The sustainable development of petroleum resources in Australia forms the study of this thesis. Sustainable development in this thesis is defined as development that meets the needs of the present without compromising the ability of the future generations to meet their own needs. It encompasses three interconnected pillars: economic development, social development and environmental protection. This thesis is confined to an analysis of the sustainable socio-economic extraction of Australia’s offshore petroleum resources. In extracting petroleum resources, there is a necessity for the State and private oil companies to enter into a long-term relationship to be able to exploit these resources. This brings many challenges: political, regulatory, economic, commercial and technological. These challenges are discussed, particularly in light of the tension that occurs between the commercial imperatives of private oil companies to generate profit, and the socio-economic imperatives of the Sate to ensure sustainability for future generations. This thesis considers these challenges in Australia, analysing whether petroleum resources have been sustainably developed. Where it has identified that sustainable development has not yet been attained, it analyses other jurisdictions to determine whether lessons can be learned from these jurisdictions. In particular, this thesis focuses on how Norway has been able to utilise the legal regulatory framework to encourage sustainable socio-economic development of petroleum resources for the benefit of all of Norwegian society. Firstly, this thesis considers Australian offshore petroleum policies, identifying that although the focus of Australia’s petroleum policies for the last decade has been towards encouraging international investment, it recently has been expanded to encompass a policy of sustainable development. However, an analysis of Australia’s policy finds that it fails to encourage the maximisation of the value of Australian petroleum for the benefit of the Australians. The commercial focus of Australia’s petroleum policy prevails, mandating commercial investment and strong industry control. An analysis of Norwegian petroleum policy demonstrates a policy built on a platform of State direction and control over resources to ensure that present and future Norwegians benefit from the conversion of Norwegian petroleum wealth to societal wealth. The tenets of Norwegian petroleum policy provide a number of valuable lessons for Australia, demonstrating the need for stronger State control in the development of petroleum resources, and the need for policy to focus on the development of resources for current and future generations. An analysis of the Australian petroleum legislation suggests it is a prescriptive, rule-based legislative framework that creates unnecessary regulatory burden, and generates economic and social costs. In contrast, an analysis of legislative frameworks from other jurisdictions, namely Norway and South Australia (onshore petroleum legislation), indicates that a principle-based legislative framework with broad enabling legislation and complementary regulations reduces regulatory burden, thereby encouraging sustainable development. Furthermore, this type of legislation encourages the State and oil companies to develop petroleum resources to meet the interest of the State whilst still realising a profit for the oil companies. This analysis also identifies the need for a single regulatory authority and the use of model contracts as part of the legislative framework in order to encourage the sustainable socio-economic development of Australia’s petroleum resources. The allocation of a petroleum licence is important for the sustainable development of petroleum resources in Australia. It is crucial since it not only identifies the best partner for the State in exploiting petroleum resources to ensure maximum extraction, it also establishes the relationship between the State as owner of the resource and the oil companies that extract the resource. It is through the allocation of a licence that the State has the opportunity to ensure that the interests of the licencees and the State are aligned as closely as possible. An analysis of the methods of allocation of petroleum licences demonstrates that where a State seeks to gain economic return for its resource, then the use of the bid system is appropriate. However, where a State seeks to gain sustainable benefits, the bid system is inadequate. Furthermore, analysis of the Australian work program bidding system and the current good standing provisions identifies a system that undermines Australian petroleum policy objectives. The current process for the allocation of petroleum licences encourages neither certainty nor sustainable development. An analysis of the Norwegian and United Kingdom system of petroleum licence allocation demonstrates that the use of discretion in the allocation of petroleum licences is able to meet respective national policy objectives for each State. The sustainable development of petroleum resources relies on extracting as much petroleum as possible from a field. To determine whether sustainable extraction of petroleum is occurring in Australia, there is an analysis of whether State regulation of the rate and method of petroleum extraction is necessary in order to achieve sustainable development. An analysis of the Australian regulatory framework pertaining to field extraction and the current practices of oil companies in the extraction of petroleum suggests that optimal extraction is not occurring in many fields, and the present petroleum legislation provides little capacity for the State to regulate extraction. An analysis of Norwegian field extraction regulation, and the mandatory requirement for the development and use of technology to ensure the optimisation of extraction from field demonstrates that State regulation of petroleum extraction, particularly the method of extraction, has the capacity to encourage the sustainable extraction of petroleum.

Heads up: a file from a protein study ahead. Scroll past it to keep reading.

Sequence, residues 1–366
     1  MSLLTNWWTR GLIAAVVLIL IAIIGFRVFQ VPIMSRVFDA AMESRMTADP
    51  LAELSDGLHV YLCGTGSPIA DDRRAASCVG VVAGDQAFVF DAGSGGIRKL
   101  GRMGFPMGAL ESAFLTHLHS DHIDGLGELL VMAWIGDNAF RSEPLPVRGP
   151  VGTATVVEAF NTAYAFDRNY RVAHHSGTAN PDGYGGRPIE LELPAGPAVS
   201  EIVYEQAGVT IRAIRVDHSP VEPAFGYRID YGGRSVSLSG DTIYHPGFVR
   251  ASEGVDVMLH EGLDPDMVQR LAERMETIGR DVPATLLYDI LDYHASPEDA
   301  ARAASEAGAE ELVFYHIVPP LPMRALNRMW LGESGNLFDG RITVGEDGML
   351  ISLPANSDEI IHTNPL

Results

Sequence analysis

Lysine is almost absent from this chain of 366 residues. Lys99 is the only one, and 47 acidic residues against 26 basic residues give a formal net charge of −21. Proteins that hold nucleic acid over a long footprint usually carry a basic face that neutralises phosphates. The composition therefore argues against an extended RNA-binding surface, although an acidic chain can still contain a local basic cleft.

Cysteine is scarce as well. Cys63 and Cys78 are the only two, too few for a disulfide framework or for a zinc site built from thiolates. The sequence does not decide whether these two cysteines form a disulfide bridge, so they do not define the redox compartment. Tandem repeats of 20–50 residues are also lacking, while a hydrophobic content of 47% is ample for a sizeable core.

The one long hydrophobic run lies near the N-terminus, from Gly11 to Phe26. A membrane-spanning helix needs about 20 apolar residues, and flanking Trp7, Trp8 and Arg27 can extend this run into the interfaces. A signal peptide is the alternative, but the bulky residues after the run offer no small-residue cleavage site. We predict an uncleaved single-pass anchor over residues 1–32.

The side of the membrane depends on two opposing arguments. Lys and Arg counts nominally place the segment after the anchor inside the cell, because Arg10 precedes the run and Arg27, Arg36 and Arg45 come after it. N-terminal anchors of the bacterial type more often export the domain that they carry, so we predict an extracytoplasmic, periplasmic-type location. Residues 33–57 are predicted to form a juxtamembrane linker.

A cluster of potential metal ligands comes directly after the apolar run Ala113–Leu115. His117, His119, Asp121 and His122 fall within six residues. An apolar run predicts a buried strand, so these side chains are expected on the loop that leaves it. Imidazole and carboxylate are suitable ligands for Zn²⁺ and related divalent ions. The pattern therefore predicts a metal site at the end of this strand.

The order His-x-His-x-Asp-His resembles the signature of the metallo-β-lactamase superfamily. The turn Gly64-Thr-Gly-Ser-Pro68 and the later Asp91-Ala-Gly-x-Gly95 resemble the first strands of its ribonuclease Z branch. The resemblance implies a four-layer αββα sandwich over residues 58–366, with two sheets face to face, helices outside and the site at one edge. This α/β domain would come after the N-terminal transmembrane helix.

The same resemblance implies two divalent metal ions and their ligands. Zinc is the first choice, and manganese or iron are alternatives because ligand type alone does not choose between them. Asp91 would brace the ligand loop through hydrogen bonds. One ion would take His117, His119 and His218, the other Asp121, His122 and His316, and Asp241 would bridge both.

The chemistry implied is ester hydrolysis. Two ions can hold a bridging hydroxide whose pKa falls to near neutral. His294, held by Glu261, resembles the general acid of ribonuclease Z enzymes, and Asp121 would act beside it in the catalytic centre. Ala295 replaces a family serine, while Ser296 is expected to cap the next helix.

|Publication status||Published - Apr 2010|